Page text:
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When i say “time” I am including everything that happens in a build (compilation, unit testing, code coverage, static analysis etc)

I guess what I am getting at is what is the build time threshold before I should look at either upgrading hardware or splitting up into smaller builds.

At the moment I am leaning towards 5 minutes.

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2 Answers 2

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5 minutes is a good starting point. I've had projects that took 12-15 minutes to build with a 6-person team. Our rule was not to commit to a building project nor a broken build that you didn't break. Commits could only happen every 12-15 minutes and this became a problem. We invested in better hardware and split the build into 1) build and unit tests and 2) acceptance tests and code quality checks. We amended the rule to allow another commit after step 1 that was now around 5-6 minutes.

Another factor to consider is how soon after a commit you'll be leaving your work environment for lunch, a meeting, or for the day. I remember committing at 6pm and having to wait until 6:20 to leave. There were times where I waited until the morning to commit.

So the two factors are:

  • How long between commits?
  • Is the build time so long that devs avoid committing?
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We actually have explicit delays set in our continuous integration server (Hudson) so that the builds don't "break" if multiple commits are needed in order to bring the repository back to a usable state (I'm talking about multiple commits over the course of like a minute). For example, you may have multiple projects that depend on each other, and they each need to be committed, or you may have different pieces of code that should be committed separately, as the changes are logically independent.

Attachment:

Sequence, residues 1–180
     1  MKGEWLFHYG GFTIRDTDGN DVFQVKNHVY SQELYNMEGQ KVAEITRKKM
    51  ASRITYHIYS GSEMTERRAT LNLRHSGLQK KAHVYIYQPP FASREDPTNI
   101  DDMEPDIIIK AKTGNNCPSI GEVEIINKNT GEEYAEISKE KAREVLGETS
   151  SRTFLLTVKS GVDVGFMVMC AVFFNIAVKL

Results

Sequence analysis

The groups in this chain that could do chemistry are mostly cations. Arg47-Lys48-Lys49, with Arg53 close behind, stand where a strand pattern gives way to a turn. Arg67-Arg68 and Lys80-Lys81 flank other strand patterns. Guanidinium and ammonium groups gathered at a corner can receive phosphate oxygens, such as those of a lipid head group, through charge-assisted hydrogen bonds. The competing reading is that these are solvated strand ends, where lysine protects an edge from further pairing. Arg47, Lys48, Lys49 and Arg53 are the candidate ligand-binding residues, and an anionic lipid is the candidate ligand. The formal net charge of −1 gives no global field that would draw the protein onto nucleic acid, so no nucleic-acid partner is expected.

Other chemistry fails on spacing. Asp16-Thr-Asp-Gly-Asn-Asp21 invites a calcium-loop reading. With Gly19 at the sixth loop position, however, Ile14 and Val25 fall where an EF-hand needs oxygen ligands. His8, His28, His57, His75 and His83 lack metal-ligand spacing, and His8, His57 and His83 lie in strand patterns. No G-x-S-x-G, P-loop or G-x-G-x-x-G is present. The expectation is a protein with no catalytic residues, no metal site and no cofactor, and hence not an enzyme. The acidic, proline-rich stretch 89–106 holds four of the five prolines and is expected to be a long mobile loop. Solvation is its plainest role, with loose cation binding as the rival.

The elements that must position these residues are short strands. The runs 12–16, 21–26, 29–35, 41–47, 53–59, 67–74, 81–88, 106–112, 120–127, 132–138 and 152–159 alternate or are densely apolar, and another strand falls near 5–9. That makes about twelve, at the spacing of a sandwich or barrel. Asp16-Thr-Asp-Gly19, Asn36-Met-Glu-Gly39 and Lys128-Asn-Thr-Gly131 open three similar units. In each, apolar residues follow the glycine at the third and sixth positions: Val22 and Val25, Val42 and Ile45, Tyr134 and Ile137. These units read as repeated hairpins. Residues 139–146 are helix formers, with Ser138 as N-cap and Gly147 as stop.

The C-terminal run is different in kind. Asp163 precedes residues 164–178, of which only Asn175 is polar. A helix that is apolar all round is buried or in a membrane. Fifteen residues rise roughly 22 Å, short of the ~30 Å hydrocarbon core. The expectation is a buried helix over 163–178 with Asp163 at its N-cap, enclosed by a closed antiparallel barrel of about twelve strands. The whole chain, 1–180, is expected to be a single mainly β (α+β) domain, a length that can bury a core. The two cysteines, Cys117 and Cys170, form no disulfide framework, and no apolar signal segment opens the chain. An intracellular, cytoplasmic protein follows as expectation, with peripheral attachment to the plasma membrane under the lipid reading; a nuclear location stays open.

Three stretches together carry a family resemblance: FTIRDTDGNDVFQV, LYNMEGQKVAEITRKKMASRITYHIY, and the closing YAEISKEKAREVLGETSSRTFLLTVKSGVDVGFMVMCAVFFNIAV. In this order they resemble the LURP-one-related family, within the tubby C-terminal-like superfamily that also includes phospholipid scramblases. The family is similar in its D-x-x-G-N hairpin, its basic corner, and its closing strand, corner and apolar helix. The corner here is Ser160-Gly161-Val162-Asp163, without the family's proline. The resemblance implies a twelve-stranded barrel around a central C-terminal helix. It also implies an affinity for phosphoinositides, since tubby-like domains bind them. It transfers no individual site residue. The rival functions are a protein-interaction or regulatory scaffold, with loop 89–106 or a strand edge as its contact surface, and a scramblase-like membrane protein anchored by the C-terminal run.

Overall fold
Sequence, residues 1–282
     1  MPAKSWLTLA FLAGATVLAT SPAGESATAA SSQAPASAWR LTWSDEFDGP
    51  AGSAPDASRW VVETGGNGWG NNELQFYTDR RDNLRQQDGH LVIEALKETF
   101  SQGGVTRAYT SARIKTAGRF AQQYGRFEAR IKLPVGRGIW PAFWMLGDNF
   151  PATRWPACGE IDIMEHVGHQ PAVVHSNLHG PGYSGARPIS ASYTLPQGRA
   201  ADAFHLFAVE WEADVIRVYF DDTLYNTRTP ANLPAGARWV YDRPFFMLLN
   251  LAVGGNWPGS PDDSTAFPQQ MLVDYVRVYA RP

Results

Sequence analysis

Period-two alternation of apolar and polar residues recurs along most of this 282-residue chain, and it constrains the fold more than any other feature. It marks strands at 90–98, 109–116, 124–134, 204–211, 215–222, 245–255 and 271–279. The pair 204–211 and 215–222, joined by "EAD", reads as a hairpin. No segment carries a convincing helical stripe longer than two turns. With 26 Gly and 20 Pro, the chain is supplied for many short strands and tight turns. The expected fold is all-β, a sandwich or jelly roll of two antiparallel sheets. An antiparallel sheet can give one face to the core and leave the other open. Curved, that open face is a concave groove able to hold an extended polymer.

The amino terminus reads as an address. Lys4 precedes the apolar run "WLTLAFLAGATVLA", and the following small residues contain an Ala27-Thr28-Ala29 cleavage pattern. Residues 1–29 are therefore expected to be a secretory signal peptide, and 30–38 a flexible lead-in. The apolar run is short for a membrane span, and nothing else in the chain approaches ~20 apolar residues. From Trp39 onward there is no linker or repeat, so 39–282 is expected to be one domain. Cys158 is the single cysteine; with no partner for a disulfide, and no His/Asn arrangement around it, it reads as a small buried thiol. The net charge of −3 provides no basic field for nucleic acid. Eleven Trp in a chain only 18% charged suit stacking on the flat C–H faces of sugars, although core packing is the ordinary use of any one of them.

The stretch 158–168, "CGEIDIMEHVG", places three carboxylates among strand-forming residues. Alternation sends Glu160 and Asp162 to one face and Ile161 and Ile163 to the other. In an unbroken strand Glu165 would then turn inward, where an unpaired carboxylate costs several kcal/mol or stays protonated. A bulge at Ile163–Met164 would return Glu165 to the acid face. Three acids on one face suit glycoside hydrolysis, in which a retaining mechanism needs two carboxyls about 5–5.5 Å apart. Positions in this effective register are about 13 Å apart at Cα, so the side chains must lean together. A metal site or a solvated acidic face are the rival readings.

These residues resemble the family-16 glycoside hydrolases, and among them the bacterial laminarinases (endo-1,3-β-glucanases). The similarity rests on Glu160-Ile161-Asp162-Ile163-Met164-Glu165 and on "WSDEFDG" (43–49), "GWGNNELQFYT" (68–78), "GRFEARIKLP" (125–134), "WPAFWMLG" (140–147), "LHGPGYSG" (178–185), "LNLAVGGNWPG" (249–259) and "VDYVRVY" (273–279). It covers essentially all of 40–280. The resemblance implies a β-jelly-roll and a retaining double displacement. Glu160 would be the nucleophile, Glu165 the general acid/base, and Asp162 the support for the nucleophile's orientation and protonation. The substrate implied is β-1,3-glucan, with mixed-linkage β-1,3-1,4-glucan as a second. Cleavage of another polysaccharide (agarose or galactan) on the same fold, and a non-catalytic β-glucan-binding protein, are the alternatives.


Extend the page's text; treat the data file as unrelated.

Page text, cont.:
One of the primary goals of continuous integration is to make sure that nothing breaks inadvertently, and in particular make sure that if something does break, someone finds out as soon as possible. It is a whole lot quicker and easier to fix an issue at a point in time closer to when the issue was created, than later on when a developer finally gets around to doing a build.

Additionally, the mere presence of a continuous integration (build) system has the tendency to keep developers on their best behavior.

So as long as your builds aren't taking hours, that's probably fine.

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